Guidebooks can date easily. Guidebooks can cause misinterpretations. On occasions I suspect an entry is created for the fist edition, but with each subsequent revision, is not reviewed or reinterpreted. Reiterated verbatim. One such is the idea that a travelling cyclist requires to carry a spare bike, a full workshop and the knowledge to use same. The former, or at least the perishable spares, was once true, and will still be in the more remoter places. But that's true of anywhere. Try finding a high end tyre in Durness. Quality workshop skills and their attendant tools never were in short supply. Poor quality necessitates care and maintenance. It's the comment regarding 'spares' that now needs some thought.
The entry for Salta in one guidebook, extols the museums and the ecclesiastical building, it also has this intriguing quote: " a favourite of many for soothing ruffled psyches with its profusion of services". Witness the congregation of 'overlanders', drawn up in the campings, some awaiting vital mechanical parts, and you understand that truth. We've passed this way several times now. It's a crossroads, a jumping off point for four differing directions, that, and a manageable bus station. Yet up until now we've not required the " smoothing of ruffled psyche" service.
This time last year it was the navigator who required hospitalisation; this year , by way of an anniversary, my bike decided to claim that accolade. What comes next is an embarrassment and a demotion on the touring cyclist's credibility league. My front fork is twisted, visibly twisted, emphatically visibly twisted. A mole could use it to draw a wine cork. The information was there, I'd noted the brakes that didn't align, the front carriers that sat at different points, my compensatory riding position. Still I didn't put all that evidence to the obvious conclusion. I'd added two to two and not even realised that there could be an answer. That is until we met Gerard, a German cyclist who is also escaping the winter, and happens to be a bike mechanic. It's whilst were stopped for lunch that he offers me the sucker punch line. " I've got bad news for you....I don't have a good eye for it, but even I can see that it's bent", an embarrassment compounded by the fact that I can now remember hitting a bollard in the middle of a cycle path.....in Uruguay....4000km ago. Slow learner.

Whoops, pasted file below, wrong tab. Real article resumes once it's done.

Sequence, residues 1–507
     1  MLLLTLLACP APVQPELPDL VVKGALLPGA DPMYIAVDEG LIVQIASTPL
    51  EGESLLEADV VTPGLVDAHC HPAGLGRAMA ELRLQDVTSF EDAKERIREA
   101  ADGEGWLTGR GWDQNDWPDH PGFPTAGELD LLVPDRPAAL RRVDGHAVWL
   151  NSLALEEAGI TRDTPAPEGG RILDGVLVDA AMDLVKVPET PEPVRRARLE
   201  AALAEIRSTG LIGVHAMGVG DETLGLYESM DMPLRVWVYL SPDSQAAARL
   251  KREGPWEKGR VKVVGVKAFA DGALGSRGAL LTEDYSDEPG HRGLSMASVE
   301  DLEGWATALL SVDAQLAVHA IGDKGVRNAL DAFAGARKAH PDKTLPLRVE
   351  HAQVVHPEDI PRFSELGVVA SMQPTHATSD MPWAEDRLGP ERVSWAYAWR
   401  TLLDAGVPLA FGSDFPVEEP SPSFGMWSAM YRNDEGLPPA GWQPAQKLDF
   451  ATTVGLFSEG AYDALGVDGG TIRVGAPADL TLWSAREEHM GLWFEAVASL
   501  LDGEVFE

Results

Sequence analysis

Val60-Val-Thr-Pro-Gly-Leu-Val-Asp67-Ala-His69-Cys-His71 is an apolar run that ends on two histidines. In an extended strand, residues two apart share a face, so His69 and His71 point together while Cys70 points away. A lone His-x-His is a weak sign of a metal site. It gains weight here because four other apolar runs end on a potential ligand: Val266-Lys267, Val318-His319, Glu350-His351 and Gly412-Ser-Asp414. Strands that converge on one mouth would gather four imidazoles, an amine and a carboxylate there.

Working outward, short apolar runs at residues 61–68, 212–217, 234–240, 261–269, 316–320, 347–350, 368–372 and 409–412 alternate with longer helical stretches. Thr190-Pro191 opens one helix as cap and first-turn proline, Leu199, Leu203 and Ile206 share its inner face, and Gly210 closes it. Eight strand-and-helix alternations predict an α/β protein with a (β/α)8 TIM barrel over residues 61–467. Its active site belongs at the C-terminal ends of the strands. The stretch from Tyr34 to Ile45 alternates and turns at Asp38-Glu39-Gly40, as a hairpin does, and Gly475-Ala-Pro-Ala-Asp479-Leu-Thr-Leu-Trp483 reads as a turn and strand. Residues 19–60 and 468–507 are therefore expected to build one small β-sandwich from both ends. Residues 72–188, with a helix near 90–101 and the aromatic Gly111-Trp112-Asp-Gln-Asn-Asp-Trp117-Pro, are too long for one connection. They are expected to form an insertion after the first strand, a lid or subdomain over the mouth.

So it's time to investigate Salta's cycleshop world. We start our trail in the sales department. A world of glossy hand built frames and Schwalbe tyres; the latter is an anoraks' shorthand for: 'top quality...don't ask the price.' Soon were taken through to the 'spares desk'. Revelation. A vast tin barn that can't echo because it's filled to the rafters by ranks of China-built 'sit up and beg' steelers, columns of tyres, rows of rims. And forks. Five storemen are serving a milling mass of customers, one old man is tightening a brake block using the captivated spanners; tyre levers are chained to the counter and an air line snakes over the pavement outside. All the supplies for the 'taller de bici' are here. Remembering all those tiny dark cycle repair shops that lurk down alleys, that populate the hinterland - it's obvious when you stop to consider, there has to be a 'mayorista', a warehouse that supplies them. I just didn't expect it to be both so public and available. Forbye, they have two frame builders who drop what they had been attending to, namely customers, to gravitate around my patient. I'm prepared to accept a new fork, expecting to have to botch a modification to fit the pannier carriers. Yet I'm given a series of Nos. No condescension. No tooth sucking. No new part. No, we will repair. There's a challenge, a fair degree of pride to be won here. I also suspect they're recognising the workmanship already invested in my hand built frame. "Leave it here tonight, come back tomorrow midday".
New day: nueva bici. Perfecto. And the final two Nos. No charge. No tip. " Just tell others about us"...I do, I am. Bicicleteria Manresa, Corrienes and Pellengrini, Salta.